• Constipation. Ever notice that many laxatives are nothing more than forms of magnesium, such as milk of magnesia (magnesium hydroxide)?
  • Migraine headaches, with magnesium injections providing relief in some instances.

The power of magnesium to even be lifesaving in acute deficiencies is evident in hospitals, where it is administered intravenously to subdue life-threatening heart rhythms and does so immediately and dramatically. But we, of course, do not want to allow such acute, life-threatening deficiencies to develop.

Magnesium also plays an important role in prevention or even reduction of kidney stones (calcium oxalate).

As with other Undoctored strategies, restoration of magnesium reaches across numerous health issues because it addresses an intrinsic, fundamental human need, thereby providing outsize, sometimes life-changing, benefits. Because most of us don’t want to drink from a nearby stream or river flowing over rocks and minerals or forage for wild foods, we are left with nutritional supplementation. When done properly, magnesium supplementation can be powerful. When done improperly (which is what most people who supplement magnesium are guilty of), you may be obtaining only the benefit of a laxative without restoration of this essential mineral.

You want to obtain between 400 and 500 milligrams per day of magnesium, often called elemental magnesium (the weight of magnesium only, without the weight of the acid, such as malate). Confusingly, some supplement manufacturers will list the weight of the total capsule or tablet. For example, one 1,250-milligram tablet of magnesium malate provides 150 milligrams of elemental magnesium—the 1,250 milligrams is immaterial; you are only interested in the quantity of elemental magnesium. If you find a brand that only lists the total weight, skip it and find one that lists elemental magnesium.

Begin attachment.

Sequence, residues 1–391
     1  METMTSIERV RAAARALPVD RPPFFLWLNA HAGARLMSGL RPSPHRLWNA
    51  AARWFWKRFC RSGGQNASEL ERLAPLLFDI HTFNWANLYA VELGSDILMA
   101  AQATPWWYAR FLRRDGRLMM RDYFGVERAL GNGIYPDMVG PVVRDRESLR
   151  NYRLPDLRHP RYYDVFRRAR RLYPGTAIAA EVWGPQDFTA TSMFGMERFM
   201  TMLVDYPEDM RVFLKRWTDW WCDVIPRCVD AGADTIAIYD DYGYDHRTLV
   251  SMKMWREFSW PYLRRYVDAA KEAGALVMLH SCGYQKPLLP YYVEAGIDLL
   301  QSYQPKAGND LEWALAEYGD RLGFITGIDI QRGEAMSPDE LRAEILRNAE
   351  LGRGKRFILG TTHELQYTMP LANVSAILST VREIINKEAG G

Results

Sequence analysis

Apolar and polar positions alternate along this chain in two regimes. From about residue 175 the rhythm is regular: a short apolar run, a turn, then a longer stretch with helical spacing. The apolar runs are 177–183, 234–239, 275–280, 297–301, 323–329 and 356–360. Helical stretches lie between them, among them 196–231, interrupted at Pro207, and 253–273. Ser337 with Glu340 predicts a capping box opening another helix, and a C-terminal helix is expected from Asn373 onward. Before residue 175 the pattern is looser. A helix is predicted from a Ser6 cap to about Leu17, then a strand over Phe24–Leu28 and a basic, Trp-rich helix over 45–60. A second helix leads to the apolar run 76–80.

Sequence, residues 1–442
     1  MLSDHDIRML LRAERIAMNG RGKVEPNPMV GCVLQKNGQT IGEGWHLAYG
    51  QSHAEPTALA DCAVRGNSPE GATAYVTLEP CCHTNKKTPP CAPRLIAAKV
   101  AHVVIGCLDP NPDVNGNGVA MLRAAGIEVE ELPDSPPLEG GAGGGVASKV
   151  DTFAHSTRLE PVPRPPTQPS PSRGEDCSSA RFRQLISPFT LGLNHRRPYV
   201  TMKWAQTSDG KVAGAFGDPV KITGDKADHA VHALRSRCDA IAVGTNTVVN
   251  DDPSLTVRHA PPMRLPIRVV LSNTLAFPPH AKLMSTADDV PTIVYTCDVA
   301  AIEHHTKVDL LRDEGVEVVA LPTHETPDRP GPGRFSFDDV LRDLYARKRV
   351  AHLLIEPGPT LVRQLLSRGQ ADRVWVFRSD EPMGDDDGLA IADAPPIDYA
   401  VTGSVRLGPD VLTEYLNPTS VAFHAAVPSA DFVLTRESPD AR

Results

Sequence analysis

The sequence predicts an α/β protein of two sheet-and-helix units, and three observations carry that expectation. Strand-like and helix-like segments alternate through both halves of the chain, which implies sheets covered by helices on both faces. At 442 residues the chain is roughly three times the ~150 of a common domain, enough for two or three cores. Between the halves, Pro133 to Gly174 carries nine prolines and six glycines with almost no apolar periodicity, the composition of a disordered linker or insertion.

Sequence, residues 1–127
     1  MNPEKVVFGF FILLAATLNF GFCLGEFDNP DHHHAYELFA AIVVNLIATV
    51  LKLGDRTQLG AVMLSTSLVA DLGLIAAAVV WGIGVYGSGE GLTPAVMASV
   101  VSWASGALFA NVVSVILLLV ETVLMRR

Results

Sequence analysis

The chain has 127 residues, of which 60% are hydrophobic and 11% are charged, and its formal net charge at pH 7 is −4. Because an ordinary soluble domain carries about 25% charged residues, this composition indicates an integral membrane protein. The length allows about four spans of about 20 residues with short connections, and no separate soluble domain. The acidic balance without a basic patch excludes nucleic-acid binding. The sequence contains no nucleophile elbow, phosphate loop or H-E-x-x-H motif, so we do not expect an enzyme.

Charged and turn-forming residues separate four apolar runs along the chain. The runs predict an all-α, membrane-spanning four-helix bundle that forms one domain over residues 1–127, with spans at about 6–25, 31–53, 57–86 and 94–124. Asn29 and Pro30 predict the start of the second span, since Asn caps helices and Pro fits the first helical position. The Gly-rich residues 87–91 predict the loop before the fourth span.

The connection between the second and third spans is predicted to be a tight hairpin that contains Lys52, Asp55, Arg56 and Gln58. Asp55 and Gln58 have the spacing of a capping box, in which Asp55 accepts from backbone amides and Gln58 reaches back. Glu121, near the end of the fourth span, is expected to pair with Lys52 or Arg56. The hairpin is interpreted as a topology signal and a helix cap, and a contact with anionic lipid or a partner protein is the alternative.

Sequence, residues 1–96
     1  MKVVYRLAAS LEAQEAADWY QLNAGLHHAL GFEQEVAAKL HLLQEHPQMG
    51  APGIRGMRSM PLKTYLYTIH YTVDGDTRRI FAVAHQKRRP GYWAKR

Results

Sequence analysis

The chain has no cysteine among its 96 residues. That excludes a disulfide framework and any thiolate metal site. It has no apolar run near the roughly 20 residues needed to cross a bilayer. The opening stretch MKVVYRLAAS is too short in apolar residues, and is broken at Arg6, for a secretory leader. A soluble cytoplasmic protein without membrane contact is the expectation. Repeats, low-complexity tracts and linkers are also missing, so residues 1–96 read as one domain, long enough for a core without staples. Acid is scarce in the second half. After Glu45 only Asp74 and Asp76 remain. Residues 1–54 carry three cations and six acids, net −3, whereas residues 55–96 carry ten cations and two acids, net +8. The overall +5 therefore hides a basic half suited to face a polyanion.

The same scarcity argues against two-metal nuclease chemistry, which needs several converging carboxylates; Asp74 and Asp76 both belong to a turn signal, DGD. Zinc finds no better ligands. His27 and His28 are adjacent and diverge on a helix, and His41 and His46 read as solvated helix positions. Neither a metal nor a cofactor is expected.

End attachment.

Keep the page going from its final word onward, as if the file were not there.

If you suffer from constipation, choosing a less efficiently absorbed form of magnesium may be preferable. Such forms cause an osmotic effect, pulling water into the intestines, a benign process compared to irritative laxatives like phenolphthalein or senna that exert low-grade damage over time and are even associated with cancer risk. Taking 400 milligrams (total weight of magnesium + citric acid) of magnesium citrate two or three times per day is a good place to start. If nothing happens after 24 hours, one or more doses of 800 to 1,200 milligrams will usually do the trick; then back down to the 400-milligram dose two or three times per day.

Choose the following forms for their greater absorptive potential:

  • Magnesium malate, in tablet or capsule form (malic acid is a common component of fruit).
  • Magnesium bicarbonate. This is the most highly absorbed form, but it is available only as a liquid that you make yourself. You will find this recipe here and in my UNDOCTORED book.
  • Magnesium glycinate. While not absorbed as well as malate, it is a reasonable choice.
  • Magnesium citrate. This is the preferred form if you desire a modest laxative effect or if you have a history of calcium oxalate stones (as both magnesium and citric acid inhibit formation of kidney stones).
  • I do not recommend magnesium oxide; although it is the most inexpensive and most common form, very little of it is absorbed and the laxative effect is quite prominent.

Because magnesium deficiency is the rule in modern society, since you cannot obtain sufficient quantities through modern foods or water, and because the health implications of deficiency are so great, everyone needs to restore magnesium. (The only exception is people with kidney disease who abnormally retain magnesium.)

Here are some foods that are high in magnesium content:

  • Avocados
  • Bananas and Plantains
  • Butternut Squash
  • Dark Leafy Greens
  • Fish
  • Nuts
  • Peas
  • Seaweed
  • Seeds (sesame, sunflower and pumpkin)
  • Yogurt and Kefir
  • And we had to save this one for last: Dark Chocolate